Clinton To Review Pollard Case Today
January 19, 1999 - The Jerusalem Post - Batsheva Tsur
JERUSALEM (January 19) - Prime Minister Binyamin
Netanyahu has instructed his staff to begin high-level
meetings with the US intelligence community over
accusations that Israel did not return all classified
documents passed on by Jonathan Pollard. It is hoped
the meetings will facilitate the release of the
spy, Pollard's lawyer, Larry Dub, said after meeting
with Netanyahu yesterday.
President Bill Clinton is today to review the
possibility of releasing Pollard.
The prime minister's legal adviser, Shimon Stern, and
other senior officials were instructed to discuss with
the US administration claims that Israel did not return all
of the highly secret material which Pollard passed to it,
including a key surveillance manual containing
encryption codes, Dub said. According to an article in
The New Yorker, the manual was described as so
secret that it had never been mentioned in public.
Netanyahu plans to take action to combat what he sees
as a disinformation campaign being waged in
Washington, Dub said. He said that the charges in The
New Yorker article, that the documents were sold to the
highest bidder, were a slur not only against Pollard
but against the Israeli authorities.
Dub said he had appealed directly to Clinton, and had
also written twice to White House Counsel Charles Ruff.
He said he had also twice requested meetings with
Craig Iscoe of the Justice Department
[*NOT TRUE!] and
was surprised that there were charges that he had not
presented Pollard's view to the US Justice Department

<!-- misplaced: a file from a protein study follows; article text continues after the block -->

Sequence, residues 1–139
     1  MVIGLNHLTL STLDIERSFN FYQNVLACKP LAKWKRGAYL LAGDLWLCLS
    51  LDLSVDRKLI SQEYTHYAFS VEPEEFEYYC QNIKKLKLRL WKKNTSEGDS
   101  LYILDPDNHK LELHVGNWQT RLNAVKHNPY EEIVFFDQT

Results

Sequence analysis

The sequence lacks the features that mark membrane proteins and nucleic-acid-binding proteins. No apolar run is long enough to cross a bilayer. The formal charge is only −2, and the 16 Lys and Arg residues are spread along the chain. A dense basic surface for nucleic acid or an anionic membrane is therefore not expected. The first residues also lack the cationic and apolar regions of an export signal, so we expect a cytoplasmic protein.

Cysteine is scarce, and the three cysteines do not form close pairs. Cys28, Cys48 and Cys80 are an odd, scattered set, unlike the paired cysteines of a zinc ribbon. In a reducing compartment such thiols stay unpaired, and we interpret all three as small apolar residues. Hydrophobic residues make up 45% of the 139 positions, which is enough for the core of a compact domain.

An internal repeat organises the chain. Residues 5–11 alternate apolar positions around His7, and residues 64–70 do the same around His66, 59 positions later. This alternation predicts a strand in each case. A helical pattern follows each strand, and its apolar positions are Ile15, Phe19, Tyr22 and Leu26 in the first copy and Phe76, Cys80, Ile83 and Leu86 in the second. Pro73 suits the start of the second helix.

in anticipation of the review of the release
At his meeting with Dub, Netanyahu reiterated his
dissatisfaction with Labor Party leader for
failing to sign a joint letter to Clinton on Pollard.
According to sources close to Netanyahu, Barak was
afraid that, should Pollard be released as a result of
the joint plea, Netanyahu would bask in the pre-election
"Pollard was sent by the State of Israel," Netanyahu
said. "This is not a political issue. Israel has to be
responsible for bringing him home. We do not leave our
wounded soldiers in the field."
He said it was essential that Barak sign the letter on
the day that Clinton is reviewing the question of Pollard's
Barak responded on Israel Radio that the public
declarations about Pollard had merely "buried him
deeper." Barak said he believes in quiet diplomacy.
When he met Clinton during his recent visit to Israel,
Barak said, he had discussed Pollard with him.
"Most events don't take place on television, but rather
through hard work on real issues with real people,"
Barak said without relating directly to the question of
MK Yossi Beilin (Labor), who criticized Netanyahu's
attacks on Barak over the letter, said that "the media
circus around Pollard is part of those publicized
events that merely delay Pollard's release."
Rabbi Alexander Schindler, a former chairman of the
Conference of Presidents of Major American Jewish
Organizations, said he is "bitterly disappointed" that
Barak refused to sign a bipartisan plea to Clinton to
commute Pollard's sentence.
"Are there no issues of national interest which
transcend Israel's stormy partisan politics?" Schindler wrote in a statement received by The Jerusalem Post. "Should
Pollard be allowed to languish in jail even a day
for fear that a political opponent might gain an edge?
"Barak's failure to support the Yuli Edelstein
initiative does scant honor to the memory of Yitzhak Rabin, who
never hesitated to assert that Pollard's continued
imprisonment has long since crossed the line where
justice ends and vindictiveness begins."
Schindler was not available yesterday for comment.
Alon Pinkas, Barak's adviser on foreign affairs, said
in a statement that Schindler "means very well and evidently
wants only the best for Mr. Pollard." However, he
added, "that is why he should be extra careful and thoroughly
familiar with the facts and the complexities before
releasing such a blunt and uncalled for statement,
especially pertaining to elections in Israel."
Nina Gilbert adds MK Ophir Pines (Labor) said that he is considering resigning as head of the Knesset caucus for Pollard
because of Netanyahu's "cynical use of Pollard's
suffering to advance his election campaign." Pines
condemned "the scathing attack" by Netanyahu against
Barak, and said the move would harm the efforts of the
caucus to press for Pollard's release.
Dec. 4, 1998 letter
Jan. 13, 1999 letter